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Emortal: The Startup Seeks To Protect Your Digital Legacy When You Die

What happens to our digital legacy when we die? That is a question that we constantly ask ourselves, and each company addresses it in a different way.

And Emortal is a startup based in the United Kingdom that seeks to protect your photos, videos, and digital information after your death.

Emortal uses Google’s architecture to store our digital archive in the cloud. The company offers to convert the content to the latest file format. This would ensure that our memories would be played immediately regardless of whether the codec or file extension is out of date. Likewise, it guarantees that the content will be accessible from any device.

The company seeks that our digital memories last over time, and for this, it will carry out a constant organization of the content to update it when necessary. The file will be safe, and only those you choose will have the ability to view the content.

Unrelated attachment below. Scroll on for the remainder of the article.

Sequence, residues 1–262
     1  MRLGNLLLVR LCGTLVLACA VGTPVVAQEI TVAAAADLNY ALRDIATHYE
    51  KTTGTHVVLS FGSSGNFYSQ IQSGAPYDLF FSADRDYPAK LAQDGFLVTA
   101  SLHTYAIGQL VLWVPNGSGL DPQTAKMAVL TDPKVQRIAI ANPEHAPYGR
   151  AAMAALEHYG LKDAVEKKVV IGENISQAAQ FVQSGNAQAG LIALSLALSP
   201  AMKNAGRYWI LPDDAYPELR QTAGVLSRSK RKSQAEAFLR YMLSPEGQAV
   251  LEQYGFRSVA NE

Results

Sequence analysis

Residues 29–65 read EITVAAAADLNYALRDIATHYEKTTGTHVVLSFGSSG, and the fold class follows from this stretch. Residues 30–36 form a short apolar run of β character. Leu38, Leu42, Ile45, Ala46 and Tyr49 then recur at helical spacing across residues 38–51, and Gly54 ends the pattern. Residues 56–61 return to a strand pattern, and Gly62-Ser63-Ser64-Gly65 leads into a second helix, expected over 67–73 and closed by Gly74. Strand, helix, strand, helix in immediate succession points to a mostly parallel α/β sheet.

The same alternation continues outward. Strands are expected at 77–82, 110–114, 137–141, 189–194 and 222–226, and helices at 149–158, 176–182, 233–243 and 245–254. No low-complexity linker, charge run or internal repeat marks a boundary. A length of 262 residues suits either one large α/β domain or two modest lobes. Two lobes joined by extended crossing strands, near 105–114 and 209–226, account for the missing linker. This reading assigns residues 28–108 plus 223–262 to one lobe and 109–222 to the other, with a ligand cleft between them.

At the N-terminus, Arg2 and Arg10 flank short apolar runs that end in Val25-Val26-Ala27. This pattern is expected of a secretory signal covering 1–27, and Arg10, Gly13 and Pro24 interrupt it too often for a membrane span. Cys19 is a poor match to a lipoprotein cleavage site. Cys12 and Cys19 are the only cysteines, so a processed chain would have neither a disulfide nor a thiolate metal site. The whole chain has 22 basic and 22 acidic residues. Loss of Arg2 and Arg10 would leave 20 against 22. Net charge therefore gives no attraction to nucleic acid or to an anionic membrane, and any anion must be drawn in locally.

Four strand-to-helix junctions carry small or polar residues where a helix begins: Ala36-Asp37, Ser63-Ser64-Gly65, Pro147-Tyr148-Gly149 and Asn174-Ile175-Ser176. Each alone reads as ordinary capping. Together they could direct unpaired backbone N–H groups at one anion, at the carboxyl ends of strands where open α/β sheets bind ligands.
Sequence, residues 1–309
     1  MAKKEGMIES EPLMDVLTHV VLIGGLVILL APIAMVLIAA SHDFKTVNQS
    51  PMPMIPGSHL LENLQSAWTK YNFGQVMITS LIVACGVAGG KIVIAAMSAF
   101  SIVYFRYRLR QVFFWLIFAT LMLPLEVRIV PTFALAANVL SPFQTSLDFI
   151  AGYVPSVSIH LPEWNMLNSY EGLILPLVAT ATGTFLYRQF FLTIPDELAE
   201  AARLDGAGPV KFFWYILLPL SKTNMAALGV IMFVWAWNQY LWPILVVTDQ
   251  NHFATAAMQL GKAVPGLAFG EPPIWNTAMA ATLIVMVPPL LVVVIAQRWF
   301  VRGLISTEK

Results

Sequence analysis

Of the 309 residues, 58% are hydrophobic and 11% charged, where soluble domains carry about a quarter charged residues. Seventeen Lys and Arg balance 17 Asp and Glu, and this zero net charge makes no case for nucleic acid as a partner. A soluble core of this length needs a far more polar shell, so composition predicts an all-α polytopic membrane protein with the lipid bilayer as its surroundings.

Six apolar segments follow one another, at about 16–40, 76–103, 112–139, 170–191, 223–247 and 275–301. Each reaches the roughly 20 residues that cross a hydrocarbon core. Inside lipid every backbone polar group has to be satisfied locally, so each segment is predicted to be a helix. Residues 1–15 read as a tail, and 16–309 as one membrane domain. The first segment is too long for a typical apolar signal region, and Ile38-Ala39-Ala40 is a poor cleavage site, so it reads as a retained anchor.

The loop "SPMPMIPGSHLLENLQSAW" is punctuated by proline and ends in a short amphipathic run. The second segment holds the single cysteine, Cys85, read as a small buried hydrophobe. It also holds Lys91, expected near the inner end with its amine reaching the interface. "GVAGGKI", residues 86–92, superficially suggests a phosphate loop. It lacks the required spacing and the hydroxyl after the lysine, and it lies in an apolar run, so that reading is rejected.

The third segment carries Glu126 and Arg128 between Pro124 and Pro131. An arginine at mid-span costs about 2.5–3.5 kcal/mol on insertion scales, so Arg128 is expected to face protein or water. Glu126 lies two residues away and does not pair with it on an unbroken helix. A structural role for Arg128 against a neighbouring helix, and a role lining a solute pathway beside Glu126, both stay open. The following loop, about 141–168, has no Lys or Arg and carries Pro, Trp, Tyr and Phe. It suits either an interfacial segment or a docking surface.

Other platform options include future scheduled messages, personalized albums, a genealogical tree for family members, and a safe for storing passwords or sensitive documents.

The startup has received the support of Vint Cerf, known as the Father of the Internet, who invested a considerable sum of money. In addition to Cerf, Emortal managed to raise 2.7 million dollars through crowdfunding on the Crowdcube platform.

According to TechCrunch, Emortal will launch during the third quarter of 2021 in the United States and the United Kingdom. To use it, users must pay a monthly fee of 5.61 euros. It is unknown if there will be more subscription tiers, although we assume that the company will offer it to suit the needs of each digital legacy.

Avinash A
Avinash A
Meet Avinash, a tech editor with a Master's in Computer Science and a passion for futuristic tech, AI, and Machine Learning. Known for making complex tech easy to understand, he's a respected voice in leading tech publications and podcasts. When he's not deciphering the latest AI trends, Avinash indulges in building robots and dreaming up the next big tech breakthrough.

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